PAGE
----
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February 17 2020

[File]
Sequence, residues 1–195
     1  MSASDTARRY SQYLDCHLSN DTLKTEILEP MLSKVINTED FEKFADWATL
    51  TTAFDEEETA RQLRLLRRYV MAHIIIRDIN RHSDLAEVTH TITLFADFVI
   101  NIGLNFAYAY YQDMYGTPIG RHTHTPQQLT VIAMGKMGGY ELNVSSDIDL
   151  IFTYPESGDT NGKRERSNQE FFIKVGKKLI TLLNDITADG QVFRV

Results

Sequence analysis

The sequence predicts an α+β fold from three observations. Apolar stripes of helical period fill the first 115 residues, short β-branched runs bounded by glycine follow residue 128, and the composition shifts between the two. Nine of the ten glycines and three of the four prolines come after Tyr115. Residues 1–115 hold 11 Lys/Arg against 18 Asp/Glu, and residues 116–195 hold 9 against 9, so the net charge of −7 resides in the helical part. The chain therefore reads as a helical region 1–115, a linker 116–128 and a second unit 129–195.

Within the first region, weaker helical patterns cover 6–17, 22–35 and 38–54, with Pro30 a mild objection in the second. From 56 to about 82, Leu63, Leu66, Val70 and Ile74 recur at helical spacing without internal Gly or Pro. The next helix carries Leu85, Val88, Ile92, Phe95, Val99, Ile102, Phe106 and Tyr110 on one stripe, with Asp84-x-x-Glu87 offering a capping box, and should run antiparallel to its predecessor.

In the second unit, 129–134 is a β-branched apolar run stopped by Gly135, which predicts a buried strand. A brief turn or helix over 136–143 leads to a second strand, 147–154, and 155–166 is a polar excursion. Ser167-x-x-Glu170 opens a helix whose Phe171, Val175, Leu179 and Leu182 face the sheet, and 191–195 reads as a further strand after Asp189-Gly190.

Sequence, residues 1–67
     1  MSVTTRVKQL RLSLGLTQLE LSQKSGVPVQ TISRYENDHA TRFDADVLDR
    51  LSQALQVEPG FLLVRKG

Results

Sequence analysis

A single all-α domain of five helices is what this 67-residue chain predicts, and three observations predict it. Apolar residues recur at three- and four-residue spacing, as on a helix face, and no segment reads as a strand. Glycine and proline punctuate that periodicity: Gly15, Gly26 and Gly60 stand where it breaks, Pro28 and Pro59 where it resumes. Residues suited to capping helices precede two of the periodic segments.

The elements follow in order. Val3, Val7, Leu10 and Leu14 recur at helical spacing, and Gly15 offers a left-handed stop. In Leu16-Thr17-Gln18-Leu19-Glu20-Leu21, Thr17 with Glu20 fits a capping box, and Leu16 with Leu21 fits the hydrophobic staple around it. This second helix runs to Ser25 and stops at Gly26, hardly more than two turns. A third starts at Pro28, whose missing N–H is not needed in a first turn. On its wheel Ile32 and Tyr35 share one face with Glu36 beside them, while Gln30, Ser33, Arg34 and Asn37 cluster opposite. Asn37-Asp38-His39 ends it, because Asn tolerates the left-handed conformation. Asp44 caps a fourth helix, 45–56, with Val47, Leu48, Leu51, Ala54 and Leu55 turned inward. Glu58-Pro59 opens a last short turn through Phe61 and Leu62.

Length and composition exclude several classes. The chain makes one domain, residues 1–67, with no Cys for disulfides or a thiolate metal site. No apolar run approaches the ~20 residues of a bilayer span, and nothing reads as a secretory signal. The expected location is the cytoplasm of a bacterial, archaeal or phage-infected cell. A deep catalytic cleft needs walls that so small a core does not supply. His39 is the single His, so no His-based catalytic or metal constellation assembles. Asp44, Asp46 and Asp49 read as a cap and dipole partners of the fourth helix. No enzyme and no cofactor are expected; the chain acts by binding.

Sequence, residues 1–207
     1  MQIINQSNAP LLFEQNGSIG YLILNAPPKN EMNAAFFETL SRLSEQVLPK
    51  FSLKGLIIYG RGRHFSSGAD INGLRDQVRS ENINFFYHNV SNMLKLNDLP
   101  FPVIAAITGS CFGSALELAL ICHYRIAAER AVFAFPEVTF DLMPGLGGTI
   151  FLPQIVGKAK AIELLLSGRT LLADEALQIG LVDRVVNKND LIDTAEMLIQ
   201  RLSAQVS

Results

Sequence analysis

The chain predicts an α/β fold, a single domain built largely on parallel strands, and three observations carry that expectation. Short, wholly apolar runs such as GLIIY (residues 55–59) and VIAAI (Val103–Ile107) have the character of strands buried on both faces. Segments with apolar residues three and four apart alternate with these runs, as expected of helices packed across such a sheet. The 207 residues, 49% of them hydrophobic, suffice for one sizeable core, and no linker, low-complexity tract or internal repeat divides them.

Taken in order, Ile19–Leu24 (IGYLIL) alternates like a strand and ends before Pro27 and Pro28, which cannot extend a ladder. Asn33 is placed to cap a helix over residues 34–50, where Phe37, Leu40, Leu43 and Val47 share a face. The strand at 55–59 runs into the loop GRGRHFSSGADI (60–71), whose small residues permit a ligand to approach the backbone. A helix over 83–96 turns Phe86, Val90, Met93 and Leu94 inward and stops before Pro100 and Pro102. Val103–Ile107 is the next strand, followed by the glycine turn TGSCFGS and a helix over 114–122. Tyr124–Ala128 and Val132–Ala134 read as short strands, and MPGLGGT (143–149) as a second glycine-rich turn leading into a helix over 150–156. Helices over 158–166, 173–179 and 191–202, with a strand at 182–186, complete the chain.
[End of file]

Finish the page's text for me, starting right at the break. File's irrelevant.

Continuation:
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24 The Journal of Commerce | Februar y 17 2020 First-Quarter Trucking Outlook Special Report THE US MANUFACTURING sector, according to many reports, is in bad shape. But signs of a recovery, albeit a weak one, are beginning to add up, and that could mean a stronger-than-expected spring freight shipping season, both for domestic truck shipments and export freight. That would be good news for shippers and motor carriers, less-than- truckload (LTL) carriers in particular. LTL operators typically are more reliant on industrial freight than their truckload counterparts, and they saw volumes drop in 2019 as manufac- turing fell into a months-long slump viewed by some as a sector recession and by others as a "soft patch." Underscoring the close — but often overlooked — relationship between US manufacturing and transportation, the downturn had an immediate effect on trucking, which despite the rapid growth of e-commerce shipments is still heavily dependent on industrial freight, from finished products to palletized parts. The excess truck capacity, short- fall in LTL volume, and depressed truckload rates of 2019 can in part be attributed to the decline in manufac- turing and industrial output. When it comes to the economy, "Shippers and carriers are in align- ment; they both wish things were better," said Paul Bingham, director of transportation consulting in the Economics and Country Risk unit of IHS Markit, the parent company of The Journal of Commerce. "Shippers would probably be happy to be paying slightly higher trucking rates if they were selling more and shipping more." They may get their wish. US manufacturing output rose 0.2 percent in December, according to data from the US Federal Reserve. Unlike the Institute for Supply Man- agement (ISM), IHS Markit analysts believe the manufacturing sector hit bottom last summer. US rail chemical shipments rose 3.1 percent in early January after slipping 0.6 percent in 2019. New business at manufacturers is fueling an upturn in production, IHS Markit said in its December US purchasing managers index (PMI) report. The ISM PMI dropped to 47.2 in December, while the IHS Markit US PMI reading was 52.4. Any number above 50 indicates expansion, in this case, "modest improvement," IHS Markit said in its report. "The final quarterly average of 2019 was in fact the strongest since the opening three months of the year," IHS Markit said. New business "grew at a solid rate," the report said, thanks to the acquisition of new cli- ents and reviving exports sales, even if gains in orders were "marginal." The overall expansion rate was lower than in Dec. 2018, however, accord- ing to the report. Springing hopes US manufacturing upturn may boost spring freight volumes, truck rates By William B. Cassidy -25% -20% -15% -10% -5% 0% 5% 10% 15% 20% Dec- 18 Jan- 19 Feb-19 Mar-19 Apr-19 May- 19 Jun- 19 Jul-19 Aug- 19 Sep- 19 Oct-19 Nov- 19 Dec- 19 Jan- 20 Chemical carloads North American rail chemical shipments pick up in early 2020 Source: Association of American Railroads © 2020 IHS Markit Year-over-year percentage change of North American rail chemical carloads

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